1. David, thank you so much for your praise. I am humbled by it. You know how much I love your comments.
      I apologize I couldn’t comment on your most recent posts. They are great. I will get back to them very soon. I am not ready with everything here yet.
      Wishing you a beautiful evening and I’ll be in touch.
      G.

       
      1. G, you are welcome as always. I love yours as well.
        Please don’t worry about my posts; I completely understand about things taking time.
        Wishing you a beautiful evening back, and I look forward to it!
        David

         
      2. David, I hope I’ll be done by the end of the week, so please write to me so we can schedule the guest post 🙂

         
    1. Thank you for your praise, Shantanu. Your friendship and your generosity mean a lot to me.

       
  3. heartbreaking stories from a time lost, a generation deprived, oh your words are like a story in a capsule, so beautifully rendered, unable to touch each other from different sides of the glass, that kind of magical wonder you create my dear

     
    1. My Dear Gina, thank you for such a beautiful comment. I cannot tell you how humbled I am by your words and grateful at the same time. Is it me, or your were busy lately? You used to post more often. I miss your posts.

       
      1. i wish i could live within your words, it comes from a beautiful place in your soul, every word so thoughtfully selected. yes i have been so very busy with work and my kids, i have many things to post but haven;t got around to it or to reading my wonderful bloggers and writers like you. thank you for asking about me, i am deeply touched

         
      2. Busy with the kids is good. I hope everything is well. Looking forward to your future posts.
        Thank you once again for your beautiful words.
        “i wish i could live within your words” You bring tears in my eyes. Thank you.

         
  4. Oh G, you capture such love, fervor, intensity and urgency. And, heartbreaking sadness. I love it all, but the second stanza –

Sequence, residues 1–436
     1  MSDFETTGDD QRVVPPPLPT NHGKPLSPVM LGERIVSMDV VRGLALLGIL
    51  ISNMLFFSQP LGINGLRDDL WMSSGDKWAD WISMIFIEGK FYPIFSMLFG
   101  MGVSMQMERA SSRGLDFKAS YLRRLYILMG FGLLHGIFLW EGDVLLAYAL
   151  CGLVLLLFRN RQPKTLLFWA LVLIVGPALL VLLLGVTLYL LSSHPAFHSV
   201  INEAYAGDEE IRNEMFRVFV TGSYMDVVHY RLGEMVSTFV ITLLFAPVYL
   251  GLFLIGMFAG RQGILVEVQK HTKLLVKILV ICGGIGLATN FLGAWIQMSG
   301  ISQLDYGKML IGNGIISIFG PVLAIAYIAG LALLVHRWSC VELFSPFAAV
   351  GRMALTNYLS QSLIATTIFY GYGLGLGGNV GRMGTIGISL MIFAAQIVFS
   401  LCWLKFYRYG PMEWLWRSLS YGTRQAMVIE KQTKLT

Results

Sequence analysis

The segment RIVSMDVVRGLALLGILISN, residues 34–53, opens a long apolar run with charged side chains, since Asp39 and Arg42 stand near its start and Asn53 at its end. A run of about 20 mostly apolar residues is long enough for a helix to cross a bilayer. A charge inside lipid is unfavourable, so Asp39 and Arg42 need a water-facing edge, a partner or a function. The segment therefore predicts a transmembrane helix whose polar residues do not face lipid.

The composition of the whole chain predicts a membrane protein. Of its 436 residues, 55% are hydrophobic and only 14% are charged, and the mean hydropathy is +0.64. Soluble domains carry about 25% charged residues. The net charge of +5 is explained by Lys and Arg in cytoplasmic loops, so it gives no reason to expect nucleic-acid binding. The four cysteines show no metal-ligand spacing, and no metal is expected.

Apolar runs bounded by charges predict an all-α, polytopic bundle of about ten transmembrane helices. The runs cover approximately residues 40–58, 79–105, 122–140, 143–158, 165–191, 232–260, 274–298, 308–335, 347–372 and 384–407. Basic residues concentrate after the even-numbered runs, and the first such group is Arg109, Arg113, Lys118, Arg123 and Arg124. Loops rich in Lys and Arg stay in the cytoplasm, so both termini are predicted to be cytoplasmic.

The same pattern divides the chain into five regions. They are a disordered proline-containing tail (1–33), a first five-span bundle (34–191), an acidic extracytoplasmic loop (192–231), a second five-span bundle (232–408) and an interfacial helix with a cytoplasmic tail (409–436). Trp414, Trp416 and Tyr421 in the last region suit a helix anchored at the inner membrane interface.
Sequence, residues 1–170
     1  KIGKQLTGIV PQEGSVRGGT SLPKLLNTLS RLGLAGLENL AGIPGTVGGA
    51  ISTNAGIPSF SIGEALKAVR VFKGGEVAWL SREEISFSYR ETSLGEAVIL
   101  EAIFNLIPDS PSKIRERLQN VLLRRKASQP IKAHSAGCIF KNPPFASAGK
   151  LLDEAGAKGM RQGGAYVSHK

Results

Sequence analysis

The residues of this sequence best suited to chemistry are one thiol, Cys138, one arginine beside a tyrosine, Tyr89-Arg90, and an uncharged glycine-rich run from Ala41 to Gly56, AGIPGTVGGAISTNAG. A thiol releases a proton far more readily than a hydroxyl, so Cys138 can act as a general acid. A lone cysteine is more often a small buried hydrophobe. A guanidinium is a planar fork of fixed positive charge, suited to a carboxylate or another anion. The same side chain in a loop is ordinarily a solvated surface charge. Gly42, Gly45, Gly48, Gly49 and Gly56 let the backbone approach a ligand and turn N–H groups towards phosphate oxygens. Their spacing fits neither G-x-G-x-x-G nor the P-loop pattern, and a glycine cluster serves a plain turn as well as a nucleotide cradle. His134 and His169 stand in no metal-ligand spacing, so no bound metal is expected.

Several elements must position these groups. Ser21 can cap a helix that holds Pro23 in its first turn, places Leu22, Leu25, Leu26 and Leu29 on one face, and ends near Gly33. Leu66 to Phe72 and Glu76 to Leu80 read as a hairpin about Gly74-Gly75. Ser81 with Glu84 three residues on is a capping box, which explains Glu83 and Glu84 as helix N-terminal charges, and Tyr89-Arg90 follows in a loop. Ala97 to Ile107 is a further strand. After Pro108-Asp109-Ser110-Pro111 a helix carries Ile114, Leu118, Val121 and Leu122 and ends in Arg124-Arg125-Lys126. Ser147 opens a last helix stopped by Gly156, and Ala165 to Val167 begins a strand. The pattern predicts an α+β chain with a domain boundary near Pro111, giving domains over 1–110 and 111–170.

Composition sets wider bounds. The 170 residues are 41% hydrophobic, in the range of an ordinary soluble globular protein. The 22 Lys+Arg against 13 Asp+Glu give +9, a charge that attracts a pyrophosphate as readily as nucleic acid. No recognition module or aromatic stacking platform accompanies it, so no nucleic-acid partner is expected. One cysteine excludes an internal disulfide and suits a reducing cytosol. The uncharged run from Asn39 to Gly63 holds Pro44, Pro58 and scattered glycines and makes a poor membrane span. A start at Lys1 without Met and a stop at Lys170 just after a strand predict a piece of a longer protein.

listen,
inside the shadows of the night of eucalyptus
winds unbraid their fragrant hair
a moon serves wine in crystal glasses
inside the mirrors blue souls dance in pairs

    Well, actually, the whole third stanza too. I felt those two hearts.

    What an epic masterpiece.

     
    1. Aw.. my dear. Thank you from the bottom of my heart. You brighten my morning.

       
    1. Thank you for being here and for your wonderful words, sweetheart. They mean a lot to me.

       
    1. Thank you so much for your beautiful comment.

      Dormi sepolto in un campo di grano
      Non è la rosa non è il tulipano
      Che ti fan veglia dall’ombra dei fossi
      Ma sono mille papaveri rossi

       
    1. Aw.. I am humbled and delighted that you liked it. Thrilled that it inspires you. Thank you so much.

       
  5. wow, amazing piece indeed! Loved the aesthetic description of the scenery, it translated into beautiful imagery which soothes the mind 🤩
    p.s. shameless shoutout to my blog.
    I’m a newbie to WordPress, and thus would really appreciate the support!

     
  6. A heart-breaking poem. Thank you. I am married to a Jewish man and when we received a family document confirming that some of his family in Poland and their children had been murdered in the holocaust, my blood ran cold. Hitler and his cohorts were pure evil. Toleration and respect of all human beings, regardless of colour or creed, are paramount to future peace. Love and light.

     
    1. Thank you for your kind words and for sharing your story. It’s painful and chilling.

      “Toleration and respect of all human beings, regardless of colour or creed” Indeed.

      Peace and love to you too.